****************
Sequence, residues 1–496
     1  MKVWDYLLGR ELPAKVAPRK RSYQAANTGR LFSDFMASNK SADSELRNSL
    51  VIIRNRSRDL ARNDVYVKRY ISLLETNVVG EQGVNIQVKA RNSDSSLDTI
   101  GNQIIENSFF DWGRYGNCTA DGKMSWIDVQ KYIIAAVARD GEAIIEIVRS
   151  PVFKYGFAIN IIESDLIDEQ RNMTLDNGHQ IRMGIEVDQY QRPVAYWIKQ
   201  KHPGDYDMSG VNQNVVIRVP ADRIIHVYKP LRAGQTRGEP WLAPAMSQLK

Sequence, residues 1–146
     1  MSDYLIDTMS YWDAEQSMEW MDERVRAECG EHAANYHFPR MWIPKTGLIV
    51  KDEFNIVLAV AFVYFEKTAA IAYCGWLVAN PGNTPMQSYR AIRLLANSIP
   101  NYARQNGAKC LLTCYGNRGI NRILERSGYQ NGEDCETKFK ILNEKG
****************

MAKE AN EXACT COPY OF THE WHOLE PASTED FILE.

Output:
Sequence, residues 1–496
     1  MKVWDYLLGR ELPAKVAPRK RSYQAANTGR LFSDFMASNK SADSELRNSL
    51  VIIRNRSRDL ARNDVYVKRY ISLLETNVVG EQGVNIQVKA RNSDSSLDTI
   101  GNQIIENSFF DWGRYGNCTA DGKMSWIDVQ KYIIAAVARD GEAIIEIVRS
   151  PVFKYGFAIN IIESDLIDEQ RNMTLDNGHQ IRMGIEVDQY QRPVAYWIKQ
   201  KHPGDYDMSG VNQNVVIRVP ADRIIHVYKP LRAGQTRGEP WLAPAMSQLK

Sequence, residues 1–146
     1  MSDYLIDTMS YWDAEQSMEW MDERVRAECG EHAANYHFPR MWIPKTGLIV
    51  KDEFNIVLAV AFVYFEKTAA IAYCGWLVAN PGNTPMQSYR AIRLLANSIP
   101  NYARQNGAKC LLTCYGNRGI NRILERSGYQ NGEDCETKFK ILNEKG